Ann’s neurosurgical miracle, surviving three life threatening injuries in one day.
One September day Ann set off in her car much like we all do every day. But this day did not turn out as planned for in Ann’s brain there was a silent killer waiting to go off.
Like a terrible movie scene her brain aneurysm burst whilst driving - causing a stroke - then a black out - her car became airborne - struck a parked car - a tree and finally landed in a garden.
It looked like another road fatality. Her family was told to prepare for the worst, that if Ann survived she would most likely never walk or speak again.
Ann’s story is unusual – a brain aneurysm, a stroke and road trauma – any of these can be fatal but Ann could almost be considered lucky - because she was taken straight to the Flinders Medical Centre where she was seen by the neurosurgeon on duty.
Her family were told that Ann had a catastrophic bleed from a burst cerebral aneurysm causing stroke and a massive blood clot. Despite early concerns, the aneurysm was “clipped” in three places as she underwent lifesaving neurosurgery within hours of the accident.
Knowledge and experience helped save Ann’s life. This knowledge is only possible because of years of neurosurgical research and training.
Ann survived not one but three life threatening conditions in one day. The odds were stacked against her. She beat these odds through swift and experienced medical attention.
- Aneurysms on brain arteries may rupture, causing brain haemorrhages in about 1 in 10,000 people. Many are fatal; approximately half of the patients survive. Successful neurosurgery within the first 72 hours produces good results. Research continues to look for more successful treatments and better outcomes.
- Nearly 60,000 people will suffer a stroke in Australia each year. That is 1 every 10 minutes and 1 in 5 people die immediately. There is no cure. Research is looking for a surgical cure so everyone can be saved.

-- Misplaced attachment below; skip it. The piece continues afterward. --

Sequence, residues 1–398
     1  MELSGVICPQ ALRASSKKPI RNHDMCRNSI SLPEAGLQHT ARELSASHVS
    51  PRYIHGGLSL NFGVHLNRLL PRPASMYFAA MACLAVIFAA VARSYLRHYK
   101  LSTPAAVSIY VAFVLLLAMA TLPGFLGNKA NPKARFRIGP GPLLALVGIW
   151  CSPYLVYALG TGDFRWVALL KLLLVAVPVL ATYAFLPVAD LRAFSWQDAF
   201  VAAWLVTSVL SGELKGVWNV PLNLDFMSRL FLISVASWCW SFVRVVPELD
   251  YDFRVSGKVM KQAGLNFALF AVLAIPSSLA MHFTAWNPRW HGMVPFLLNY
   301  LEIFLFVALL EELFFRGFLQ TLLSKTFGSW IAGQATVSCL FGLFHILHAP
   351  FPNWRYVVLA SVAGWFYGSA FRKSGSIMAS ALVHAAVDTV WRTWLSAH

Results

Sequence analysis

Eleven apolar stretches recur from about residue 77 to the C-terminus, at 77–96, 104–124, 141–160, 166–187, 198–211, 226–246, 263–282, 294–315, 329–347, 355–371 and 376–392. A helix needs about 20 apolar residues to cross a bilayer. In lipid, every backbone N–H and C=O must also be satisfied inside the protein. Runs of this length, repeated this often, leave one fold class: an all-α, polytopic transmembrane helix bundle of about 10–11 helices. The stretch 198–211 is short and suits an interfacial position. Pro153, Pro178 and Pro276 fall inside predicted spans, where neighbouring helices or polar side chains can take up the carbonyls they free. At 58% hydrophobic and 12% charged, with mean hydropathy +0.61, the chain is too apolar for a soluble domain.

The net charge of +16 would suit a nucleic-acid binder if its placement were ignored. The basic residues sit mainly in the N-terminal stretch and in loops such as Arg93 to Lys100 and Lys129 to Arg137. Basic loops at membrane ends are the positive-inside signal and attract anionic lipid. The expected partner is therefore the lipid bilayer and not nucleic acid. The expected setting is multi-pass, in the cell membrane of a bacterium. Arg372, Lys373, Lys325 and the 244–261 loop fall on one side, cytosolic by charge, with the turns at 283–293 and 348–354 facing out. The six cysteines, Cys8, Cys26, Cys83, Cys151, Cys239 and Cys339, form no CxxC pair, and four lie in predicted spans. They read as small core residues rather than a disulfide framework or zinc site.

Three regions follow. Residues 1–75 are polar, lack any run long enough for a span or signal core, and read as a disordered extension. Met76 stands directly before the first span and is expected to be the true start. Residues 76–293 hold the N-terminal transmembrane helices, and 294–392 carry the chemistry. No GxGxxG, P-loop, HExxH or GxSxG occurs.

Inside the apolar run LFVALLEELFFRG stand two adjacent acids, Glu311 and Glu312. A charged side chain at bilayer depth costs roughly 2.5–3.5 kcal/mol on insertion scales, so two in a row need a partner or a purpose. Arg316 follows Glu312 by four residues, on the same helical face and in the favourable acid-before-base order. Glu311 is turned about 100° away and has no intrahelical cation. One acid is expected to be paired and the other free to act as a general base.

- Drivers on South Australian roads kill one person every 2 to 3 days and injure 24 people each day. Traumatic Brain Injury is one of the largest causes of death on our roads. Brain swelling causes most of the deadly damage. Research is looking for a way to stop and control brain swelling after a head injury.
Not everyone is as lucky as Ann. Looking at the statistics more people would have died from this incident than survived. Please help us change these outcomes by contributing to research. It is through research that better life saving techniques can be developed and save more lives.
Ann and her family are extremely grateful for the consistent professional care she received. They are constantly impressed by the level of life saving services offered, from the ambulance team who were first on scene, to the lifesaving neurosurgical team who treated her stroke and aneurysm, and afterwards with the ongoing rehabilitation.
Against all odds Ann has made a 98% recovery and has had her driver’s licence reinstated eight months after her brush with death. She has now returned to work and is working in the NRF office two days a week.
Your support of neurosurgical research can help you or someone like Ann make the journey all the way home. To ensure the continued high level of services we ask you to please consider making a donation to neurosurgical research so we can help save more lives.